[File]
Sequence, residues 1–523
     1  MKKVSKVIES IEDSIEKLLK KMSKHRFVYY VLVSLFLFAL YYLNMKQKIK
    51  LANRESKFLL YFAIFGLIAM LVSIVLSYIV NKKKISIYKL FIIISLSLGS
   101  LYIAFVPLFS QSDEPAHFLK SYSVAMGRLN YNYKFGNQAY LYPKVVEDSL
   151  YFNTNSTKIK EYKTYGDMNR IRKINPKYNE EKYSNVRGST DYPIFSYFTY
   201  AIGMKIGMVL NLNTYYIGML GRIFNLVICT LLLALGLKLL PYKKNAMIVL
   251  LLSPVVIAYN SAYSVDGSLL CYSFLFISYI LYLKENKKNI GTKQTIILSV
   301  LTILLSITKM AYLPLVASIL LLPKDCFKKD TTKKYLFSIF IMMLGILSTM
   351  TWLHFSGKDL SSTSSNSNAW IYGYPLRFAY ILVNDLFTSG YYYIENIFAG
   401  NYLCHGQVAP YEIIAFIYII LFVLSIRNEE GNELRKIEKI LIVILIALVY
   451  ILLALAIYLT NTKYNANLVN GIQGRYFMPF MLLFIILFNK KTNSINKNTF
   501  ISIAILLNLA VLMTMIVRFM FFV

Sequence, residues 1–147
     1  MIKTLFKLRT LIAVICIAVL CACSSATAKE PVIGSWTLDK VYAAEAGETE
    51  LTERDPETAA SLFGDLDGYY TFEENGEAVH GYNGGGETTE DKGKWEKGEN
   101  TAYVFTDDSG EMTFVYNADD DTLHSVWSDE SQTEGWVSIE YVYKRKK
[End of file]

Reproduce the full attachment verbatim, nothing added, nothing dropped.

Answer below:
Sequence, residues 1–523
     1  MKKVSKVIES IEDSIEKLLK KMSKHRFVYY VLVSLFLFAL YYLNMKQKIK
    51  LANRESKFLL YFAIFGLIAM LVSIVLSYIV NKKKISIYKL FIIISLSLGS
   101  LYIAFVPLFS QSDEPAHFLK SYSVAMGRLN YNYKFGNQAY LYPKVVEDSL
   151  YFNTNSTKIK EYKTYGDMNR IRKINPKYNE EKYSNVRGST DYPIFSYFTY
   201  AIGMKIGMVL NLNTYYIGML GRIFNLVICT LLLALGLKLL PYKKNAMIVL
   251  LLSPVVIAYN SAYSVDGSLL CYSFLFISYI LYLKENKKNI GTKQTIILSV
   301  LTILLSITKM AYLPLVASIL LLPKDCFKKD TTKKYLFSIF IMMLGILSTM
   351  TWLHFSGKDL SSTSSNSNAW IYGYPLRFAY ILVNDLFTSG YYYIENIFAG
   401  NYLCHGQVAP YEIIAFIYII LFVLSIRNEE GNELRKIEKI LIVILIALVY
   451  ILLALAIYLT NTKYNANLVN GIQGRYFMPF MLLFIILFNK KTNSINKNTF
   501  ISIAILLNLA VLMTMIVRFM FFV

Sequence, residues 1–147
     1  MIKTLFKLRT LIAVICIAVL CACSSATAKE PVIGSWTLDK VYAAEAGETE
    51  LTERDPETAA SLFGDLDGYY TFEENGEAVH GYNGGGETTE DKGKWEKGEN
   101  TAYVFTDDSG EMTFVYNADD DTLHSVWSDE SQTEGWVSIE YVYKRKK